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This course introduces the new features offered to developers and consumers in Android 4.1 Jelly Bean. Author Joseph Lowery first explains how you can expect the update to roll out to devices, and then shows how to install the Android SDK on Windows and Mac, select a device emulator, create a sample app, and prep it for publication on Google Play. Along the way, the course explores the smoother interface (codenamed Project Butter), notifications, advanced text manipulation, and security improvements that will be of interest to Android developers, and describes how those features translate for consumers on the device side.
There are two ways to test your application during development. You can check it in the actual device by connecting a USB cable between your device and the computer, or you can use a software emulator. While an emulator is no real substitute for an actual device, it's definitely very useful for baseline development. In this video, I'll show you how to set up an Android emulator for Jelly Bean. Although I'm on the Mac here, the process is identical on the PC. The first thing you have to know is that in Android-speak, an emulator is known as the Android Virtual Device, or AVD.
So, to start the process, I have my Android SDK Manager, which we installed in the previous movie, opened and up and running. I'm going to go to the Menu, choose Tools > Manage AVDs. The Android Virtual Device Manager dialog box will open. You can see that there are no AVDs or emulators listed here. In the real world development situation, you'd be creating many different emulators, targeting different OS versions and different screen resolutions as well.
We're going to set up a very basic one to get you started. The initial step is to click New. In the Create New Android Virtual Device dialog box, first enter the name of your emulator. We'll call this one Jelly_Bean. Notice that I'm using an underscore here. Now, let's set the Target from the list of available options. We're going to choose Android 4.1.2, which is the latest version of Jelly Bean. You'll notice the API Level is number 16.
Google has this distinct numbering system that it applies to all of its operating system versions. The next option is CPU/ABI. CPU is familiar to most, whether you're a TRON fan or not, as an abbreviation for Central Processing Unit. But what about ABI? ABI is short for Application Binary Interface. This can vary by device. But the most common in Android is ARM, processor manufacturer like Intel. And if I open up the CPU/ABI list, you'll see ARM listed there as well as the Intel Atom.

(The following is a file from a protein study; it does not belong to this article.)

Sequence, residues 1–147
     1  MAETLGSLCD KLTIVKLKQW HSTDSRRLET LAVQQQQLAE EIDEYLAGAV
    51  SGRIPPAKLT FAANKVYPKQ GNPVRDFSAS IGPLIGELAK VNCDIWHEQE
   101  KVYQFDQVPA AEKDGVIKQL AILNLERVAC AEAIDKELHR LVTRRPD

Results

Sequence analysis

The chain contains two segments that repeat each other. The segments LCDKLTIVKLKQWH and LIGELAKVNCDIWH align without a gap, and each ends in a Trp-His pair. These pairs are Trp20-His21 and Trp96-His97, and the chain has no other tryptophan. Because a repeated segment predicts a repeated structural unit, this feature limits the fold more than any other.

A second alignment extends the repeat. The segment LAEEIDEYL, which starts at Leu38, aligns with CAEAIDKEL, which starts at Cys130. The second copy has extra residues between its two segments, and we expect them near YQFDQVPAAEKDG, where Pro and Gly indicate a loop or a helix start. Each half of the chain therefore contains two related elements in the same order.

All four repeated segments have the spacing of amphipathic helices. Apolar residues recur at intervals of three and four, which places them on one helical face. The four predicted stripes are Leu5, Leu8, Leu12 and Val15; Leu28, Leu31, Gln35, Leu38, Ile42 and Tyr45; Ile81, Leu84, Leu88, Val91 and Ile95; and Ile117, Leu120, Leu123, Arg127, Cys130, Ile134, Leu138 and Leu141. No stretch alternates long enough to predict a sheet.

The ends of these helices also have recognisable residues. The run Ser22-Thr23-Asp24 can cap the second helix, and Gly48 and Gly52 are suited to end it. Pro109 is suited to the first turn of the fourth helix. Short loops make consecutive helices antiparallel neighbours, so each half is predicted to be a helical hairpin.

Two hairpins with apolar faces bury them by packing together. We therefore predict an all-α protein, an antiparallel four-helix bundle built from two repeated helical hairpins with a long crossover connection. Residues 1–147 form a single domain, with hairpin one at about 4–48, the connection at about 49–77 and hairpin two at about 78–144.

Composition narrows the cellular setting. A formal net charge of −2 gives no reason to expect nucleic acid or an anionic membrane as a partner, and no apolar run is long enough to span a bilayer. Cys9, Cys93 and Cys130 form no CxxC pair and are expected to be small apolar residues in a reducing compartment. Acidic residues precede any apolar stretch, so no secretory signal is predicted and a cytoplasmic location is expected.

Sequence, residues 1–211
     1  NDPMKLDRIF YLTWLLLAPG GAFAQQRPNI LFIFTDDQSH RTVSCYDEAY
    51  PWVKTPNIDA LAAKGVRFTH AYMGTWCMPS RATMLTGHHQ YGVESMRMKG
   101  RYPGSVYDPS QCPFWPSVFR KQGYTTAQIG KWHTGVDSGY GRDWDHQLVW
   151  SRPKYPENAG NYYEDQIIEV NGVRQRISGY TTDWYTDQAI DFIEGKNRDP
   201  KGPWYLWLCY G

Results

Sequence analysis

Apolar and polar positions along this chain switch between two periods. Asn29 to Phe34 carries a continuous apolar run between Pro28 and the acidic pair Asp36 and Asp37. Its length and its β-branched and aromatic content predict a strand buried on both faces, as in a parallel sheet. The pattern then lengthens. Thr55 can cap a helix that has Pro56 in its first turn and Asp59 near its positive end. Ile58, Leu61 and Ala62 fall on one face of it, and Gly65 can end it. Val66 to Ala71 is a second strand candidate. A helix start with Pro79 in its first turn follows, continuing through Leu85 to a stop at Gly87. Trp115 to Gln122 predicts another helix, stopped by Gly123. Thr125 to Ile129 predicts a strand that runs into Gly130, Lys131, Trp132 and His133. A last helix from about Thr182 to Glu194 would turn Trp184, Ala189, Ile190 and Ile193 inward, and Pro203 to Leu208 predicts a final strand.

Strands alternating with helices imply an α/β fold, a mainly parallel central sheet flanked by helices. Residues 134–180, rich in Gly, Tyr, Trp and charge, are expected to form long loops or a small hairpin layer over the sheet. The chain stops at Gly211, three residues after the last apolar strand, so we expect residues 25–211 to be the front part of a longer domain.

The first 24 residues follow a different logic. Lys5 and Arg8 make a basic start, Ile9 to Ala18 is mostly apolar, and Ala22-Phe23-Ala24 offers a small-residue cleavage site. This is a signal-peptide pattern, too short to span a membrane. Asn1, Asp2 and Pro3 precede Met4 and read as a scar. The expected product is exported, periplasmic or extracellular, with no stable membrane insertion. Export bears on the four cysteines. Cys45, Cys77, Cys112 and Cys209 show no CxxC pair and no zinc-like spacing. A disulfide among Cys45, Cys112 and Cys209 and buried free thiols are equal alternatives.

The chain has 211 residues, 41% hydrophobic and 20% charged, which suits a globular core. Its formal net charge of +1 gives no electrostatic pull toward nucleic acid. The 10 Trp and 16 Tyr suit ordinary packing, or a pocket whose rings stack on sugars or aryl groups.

Let's choose ARM. Now, we're going to enter in the memory size for the SD card next. My Galaxy Nexus has about 16 gigs of memory. But let's say I want to target a wider range of devices. So, I'll enter in 10240 or 10 gigs. The next option is very important if you use the emulator a lot because it will save you a ton of time. Android emulators can create snapshots of where you are in the device, like if you're in a particular app, and it can automatically save and load the snapshot whenever you start the emulator.
For all that to work, you have to choose the Snapshot: Enabled checkbox. Now, we're ready to set the resolution of your emulator, which is found under the Skin category. As you can see, there are a bunch of preset options as well as the ability to enter custom values. We're going to go with the Default option for this basic emulator. Now, under Hardware here, you'll see a number of properties and values and you can also add the new ones in, including any of these from the list that you see here.
So, if you need to test specific features, this is where you would add in those properties. I'm going to just leave the default values here, and we're finally ready to create our new emulator. So I'll click Create AVD. Once that process is completed, and I'll warn you, it can take a bit of time, we'll see a new listing in the manage AVDs dialog box. And there is our result, our Jelly_Bean AVD has been created. I'll click OK. You can see the listing there up top in the AVD Manager dialog box.
If need be, you can select it and edit to make any changes. But let's go ahead and fire this puppy up. So with that selected, I'll click Start. This will bring up the Launch Options dialog box. The first option, Scale display to real size, allows you to change the size of the emulator according to your screen. In my situation, leaving this option unselected works out fine. The Wipe user data option that you see here really only comes into play after you've been testing for a good while.
Since we're just starting, we can leave that deselected. Now, of the next two options, I'm going to deselect Launch from snapshot for this time, because we don't have a snapshot first, but I definitely want to have Save to snapshot selected. Let's click Launch. Once we're there, I'm going to quit the emulator so I can demonstrate how useful the Snapshot function is. So I'll just go up and click Close. And then, close the Starting Android Emulator dialog box.
Now, let's start it again. And you'll see just how quickly the emulator will start up. I have Jelly_Bean selected, I click Start. This time, I'm actually going to choose Launch from snapshot as one of the launch options. Click Launch. Good job!
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